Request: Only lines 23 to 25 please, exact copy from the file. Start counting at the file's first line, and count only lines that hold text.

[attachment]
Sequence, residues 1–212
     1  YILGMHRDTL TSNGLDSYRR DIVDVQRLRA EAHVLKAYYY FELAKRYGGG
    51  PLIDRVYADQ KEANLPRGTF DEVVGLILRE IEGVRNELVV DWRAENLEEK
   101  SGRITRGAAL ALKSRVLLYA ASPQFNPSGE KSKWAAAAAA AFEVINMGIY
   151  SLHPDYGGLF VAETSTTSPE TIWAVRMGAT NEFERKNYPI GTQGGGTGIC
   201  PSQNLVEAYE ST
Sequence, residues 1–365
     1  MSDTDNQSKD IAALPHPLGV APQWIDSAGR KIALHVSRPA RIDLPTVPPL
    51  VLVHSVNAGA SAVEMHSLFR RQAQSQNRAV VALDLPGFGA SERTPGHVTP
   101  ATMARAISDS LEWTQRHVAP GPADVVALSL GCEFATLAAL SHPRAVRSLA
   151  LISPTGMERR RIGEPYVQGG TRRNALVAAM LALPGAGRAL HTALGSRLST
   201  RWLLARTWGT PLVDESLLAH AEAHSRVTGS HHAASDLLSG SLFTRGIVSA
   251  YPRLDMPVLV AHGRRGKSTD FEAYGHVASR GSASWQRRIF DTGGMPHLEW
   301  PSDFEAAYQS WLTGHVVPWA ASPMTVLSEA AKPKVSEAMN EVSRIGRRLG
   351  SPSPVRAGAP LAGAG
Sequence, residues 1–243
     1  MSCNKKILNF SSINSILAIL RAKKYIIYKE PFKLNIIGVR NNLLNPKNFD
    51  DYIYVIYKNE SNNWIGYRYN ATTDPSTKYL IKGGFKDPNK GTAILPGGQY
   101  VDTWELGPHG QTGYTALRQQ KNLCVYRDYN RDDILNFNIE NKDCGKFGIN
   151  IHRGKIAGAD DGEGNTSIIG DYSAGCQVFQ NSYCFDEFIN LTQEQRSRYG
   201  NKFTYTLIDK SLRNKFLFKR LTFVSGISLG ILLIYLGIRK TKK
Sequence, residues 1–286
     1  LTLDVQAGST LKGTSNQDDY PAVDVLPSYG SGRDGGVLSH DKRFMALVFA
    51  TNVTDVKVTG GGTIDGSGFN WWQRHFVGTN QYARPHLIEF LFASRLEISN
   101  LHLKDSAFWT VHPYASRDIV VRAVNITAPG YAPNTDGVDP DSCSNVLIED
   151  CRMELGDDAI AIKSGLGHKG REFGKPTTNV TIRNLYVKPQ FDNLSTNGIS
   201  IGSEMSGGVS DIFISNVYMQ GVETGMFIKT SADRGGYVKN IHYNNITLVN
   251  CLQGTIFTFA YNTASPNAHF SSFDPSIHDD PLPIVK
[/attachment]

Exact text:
     1  LTLDVQAGST LKGTSNQDDY PAVDVLPSYG SGRDGGVLSH DKRFMALVFA
    51  TNVTDVKVTG GGTIDGSGFN WWQRHFVGTN QYARPHLIEF LFASRLEISN
   101  LHLKDSAFWT VHPYASRDIV VRAVNITAPG YAPNTDGVDP DSCSNVLIED